The Harbinger Online

Roomie Roundup

_AMS9993From GPA to social life to the amount of weight gained, studies from Dartmouth and Marquette University have shown the huge impact roommates can have on the way freshmen experience their first year of college. It used to be that the college would pair students up, either through a survey or by random draw. But these days, according to the Boston Globe, more and more students are choosing who their roommate will be before they even get to college.
At some colleges, the Boston Globe says, as many as 90 percent of students choose their roommate themselves. Since its launch in 2010, roommate-finding website Roomsurf.com reports over 400,000 users. While some East seniors still don’t know where they’re going next year, let alone who they’ll be rooming with, many have already made the big decision as to who they’ll be living with in their freshman year of college.

Katie and Asia
For seniors Katie Sgroi and Asia Mundy, rooming together is about taking the best parts of high school, and bringing them along to college.

Sgroi and Mundy got to know each other through theatre classes at East, and became good friends in their junior year when Sgroi performed in one of Mundy’s shows. When they worked out in September that they would both be attending the University of Kansas (KU), they quickly decided to be roommates.

“I wanted to room with someone I knew, someone I would already be comfortable with, and wouldn’t have to get to know all over again,” Mundy said. “Even though that’s part of college, I thought it would be fun to go in with some sort of comfort level there.”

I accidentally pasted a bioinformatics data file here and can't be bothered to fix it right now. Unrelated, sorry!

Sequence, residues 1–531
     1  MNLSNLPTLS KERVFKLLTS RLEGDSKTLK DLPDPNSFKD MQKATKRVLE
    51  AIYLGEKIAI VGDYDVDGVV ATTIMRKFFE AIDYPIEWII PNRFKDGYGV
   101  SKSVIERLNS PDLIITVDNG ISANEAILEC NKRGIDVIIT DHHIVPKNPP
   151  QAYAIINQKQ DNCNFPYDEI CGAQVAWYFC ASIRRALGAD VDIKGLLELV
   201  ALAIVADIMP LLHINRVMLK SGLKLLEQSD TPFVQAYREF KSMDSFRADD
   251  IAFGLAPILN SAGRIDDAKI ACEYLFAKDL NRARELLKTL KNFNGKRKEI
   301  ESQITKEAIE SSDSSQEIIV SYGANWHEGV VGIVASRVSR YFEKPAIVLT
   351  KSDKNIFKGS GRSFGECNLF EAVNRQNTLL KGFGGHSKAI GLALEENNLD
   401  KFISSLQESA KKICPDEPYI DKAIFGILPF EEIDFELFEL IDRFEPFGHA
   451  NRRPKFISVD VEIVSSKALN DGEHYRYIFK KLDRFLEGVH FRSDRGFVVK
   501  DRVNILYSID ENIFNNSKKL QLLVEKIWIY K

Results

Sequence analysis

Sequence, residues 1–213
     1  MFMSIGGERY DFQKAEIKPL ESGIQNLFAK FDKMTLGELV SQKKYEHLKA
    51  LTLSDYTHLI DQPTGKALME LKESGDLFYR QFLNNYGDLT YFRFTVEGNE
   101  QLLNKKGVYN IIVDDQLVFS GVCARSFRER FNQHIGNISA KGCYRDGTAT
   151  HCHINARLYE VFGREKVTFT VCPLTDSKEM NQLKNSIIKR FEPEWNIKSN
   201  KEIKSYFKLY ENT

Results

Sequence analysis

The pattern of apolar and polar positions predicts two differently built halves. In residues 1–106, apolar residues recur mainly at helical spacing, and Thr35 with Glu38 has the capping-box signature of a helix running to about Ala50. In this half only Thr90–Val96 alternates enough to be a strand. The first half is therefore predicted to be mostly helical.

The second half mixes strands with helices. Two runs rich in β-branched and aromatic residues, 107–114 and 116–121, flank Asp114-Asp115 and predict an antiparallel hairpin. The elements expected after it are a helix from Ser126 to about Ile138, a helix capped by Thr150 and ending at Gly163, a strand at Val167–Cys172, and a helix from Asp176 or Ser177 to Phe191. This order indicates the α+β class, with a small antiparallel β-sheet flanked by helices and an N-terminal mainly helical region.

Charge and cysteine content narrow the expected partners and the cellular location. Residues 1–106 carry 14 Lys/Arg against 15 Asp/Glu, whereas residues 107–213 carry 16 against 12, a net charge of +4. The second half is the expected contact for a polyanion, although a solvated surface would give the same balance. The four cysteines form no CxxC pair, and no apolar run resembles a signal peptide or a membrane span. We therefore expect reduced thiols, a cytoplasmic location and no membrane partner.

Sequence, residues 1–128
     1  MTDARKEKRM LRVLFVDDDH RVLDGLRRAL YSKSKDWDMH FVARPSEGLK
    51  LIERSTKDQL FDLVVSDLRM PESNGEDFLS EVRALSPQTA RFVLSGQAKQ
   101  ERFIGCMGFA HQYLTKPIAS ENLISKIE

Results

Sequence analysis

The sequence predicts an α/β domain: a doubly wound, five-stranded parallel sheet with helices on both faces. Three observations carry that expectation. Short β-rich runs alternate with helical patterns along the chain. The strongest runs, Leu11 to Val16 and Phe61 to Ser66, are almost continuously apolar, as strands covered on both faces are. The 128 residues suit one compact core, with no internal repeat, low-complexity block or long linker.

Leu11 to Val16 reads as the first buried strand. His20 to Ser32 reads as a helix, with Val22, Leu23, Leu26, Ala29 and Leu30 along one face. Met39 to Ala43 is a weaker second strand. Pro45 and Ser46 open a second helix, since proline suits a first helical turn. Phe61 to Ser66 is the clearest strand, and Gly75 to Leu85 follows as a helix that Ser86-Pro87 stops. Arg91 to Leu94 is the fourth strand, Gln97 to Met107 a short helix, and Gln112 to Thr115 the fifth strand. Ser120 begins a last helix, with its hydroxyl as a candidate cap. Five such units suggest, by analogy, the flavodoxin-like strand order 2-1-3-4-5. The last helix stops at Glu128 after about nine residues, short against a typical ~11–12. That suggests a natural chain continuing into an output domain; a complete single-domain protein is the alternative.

When they knew they were going to KU, both knew they would much prefer to stay with a current friend, rather than let the school choose for them. Neither of them place much trust in the KU potluck system, saying a survey can’t match friends.

“They could look really good on paper but when you actually meet each other, they could be completely different,” Sgroi said. “You could be rooming with an axe-murderer. People lie on the Internet, they could make themselves look really appealing, but you never know.”

Mundy and Sgroi get what people always say — that rooming with a high school friend stops you from branching out, but they don’t worry about it. They know they’ll meet new people everywhere they go, whether on their floor, in classes or in extracurriculars.

“Rooming with a friend could feel like you’re extending high school a little bit,” Mundy said. “But with the way we’ve experienced high school, through theatre, that wouldn’t be much of a problem. We’re carrying on something about theatre that we like. We like hanging out together.”

Sophie and Lindsey
Senior Sophie Paulk was in fourth grade at the time, racing at a club swim meet. She hadn’t even started thinking about high school, let alone college. She didn’t know that in seven years she would be accepted to the University of Oklahoma (OU). She didn’t know that the girl swimming alongside her would go on to become her roommate.

In October of her senior year, not long after her acceptance to OU, Paulk received a message on Roomsurf from Lindsey Cohen, a senior in Maryville, Mo. Cohen messaged Paulk because they lived fairly near each other, and they had put similar answers on the survey, so she thought they might work well as roommates. It was the first girl Paulk had talked to about rooming, and they quickly found they were perfect together. It wasn’t until months later that they realized they had swum against each other all those years ago, but had never spoken.

Paulk is a little nervous about having a roommate next year. She’s an only child and living so close to another person will be strange for her at first.